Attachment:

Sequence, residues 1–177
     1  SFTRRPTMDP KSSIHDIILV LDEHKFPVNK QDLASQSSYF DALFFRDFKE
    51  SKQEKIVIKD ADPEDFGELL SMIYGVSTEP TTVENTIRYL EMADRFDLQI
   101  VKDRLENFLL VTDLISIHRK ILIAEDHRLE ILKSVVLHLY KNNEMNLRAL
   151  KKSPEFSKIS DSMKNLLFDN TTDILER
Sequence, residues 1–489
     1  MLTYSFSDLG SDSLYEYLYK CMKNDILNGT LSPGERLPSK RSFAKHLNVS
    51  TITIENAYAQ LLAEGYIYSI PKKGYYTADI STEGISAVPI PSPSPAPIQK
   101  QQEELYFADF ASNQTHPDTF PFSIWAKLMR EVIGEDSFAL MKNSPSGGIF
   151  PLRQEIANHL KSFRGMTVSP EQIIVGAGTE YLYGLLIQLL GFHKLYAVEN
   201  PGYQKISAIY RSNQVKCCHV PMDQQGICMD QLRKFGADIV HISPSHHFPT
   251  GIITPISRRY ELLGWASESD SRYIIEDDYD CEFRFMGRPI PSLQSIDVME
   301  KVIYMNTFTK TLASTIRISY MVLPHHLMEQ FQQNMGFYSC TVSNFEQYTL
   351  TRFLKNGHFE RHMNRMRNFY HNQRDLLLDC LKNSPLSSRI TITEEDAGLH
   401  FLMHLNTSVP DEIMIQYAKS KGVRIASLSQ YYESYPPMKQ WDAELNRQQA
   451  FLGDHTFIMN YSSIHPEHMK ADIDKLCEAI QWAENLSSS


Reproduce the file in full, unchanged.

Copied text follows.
Sequence, residues 1–177
     1  SFTRRPTMDP KSSIHDIILV LDEHKFPVNK QDLASQSSYF DALFFRDFKE
    51  SKQEKIVIKD ADPEDFGELL SMIYGVSTEP TTVENTIRYL EMADRFDLQI
   101  VKDRLENFLL VTDLISIHRK ILIAEDHRLE ILKSVVLHLY KNNEMNLRAL
   151  KKSPEFSKIS DSMKNLLFDN TTDILER
Sequence, residues 1–489
     1  MLTYSFSDLG SDSLYEYLYK CMKNDILNGT LSPGERLPSK RSFAKHLNVS
    51  TITIENAYAQ LLAEGYIYSI PKKGYYTADI STEGISAVPI PSPSPAPIQK
   101  QQEELYFADF ASNQTHPDTF PFSIWAKLMR EVIGEDSFAL MKNSPSGGIF
   151  PLRQEIANHL KSFRGMTVSP EQIIVGAGTE YLYGLLIQLL GFHKLYAVEN
   201  PGYQKISAIY RSNQVKCCHV PMDQQGICMD QLRKFGADIV HISPSHHFPT
   251  GIITPISRRY ELLGWASESD SRYIIEDDYD CEFRFMGRPI PSLQSIDVME
   301  KVIYMNTFTK TLASTIRISY MVLPHHLMEQ FQQNMGFYSC TVSNFEQYTL
   351  TRFLKNGHFE RHMNRMRNFY HNQRDLLLDC LKNSPLSSRI TITEEDAGLH
   401  FLMHLNTSVP DEIMIQYAKS KGVRIASLSQ YYESYPPMKQ WDAELNRQQA
   451  FLGDHTFIMN YSSIHPEHMK ADIDKLCEAI QWAENLSSS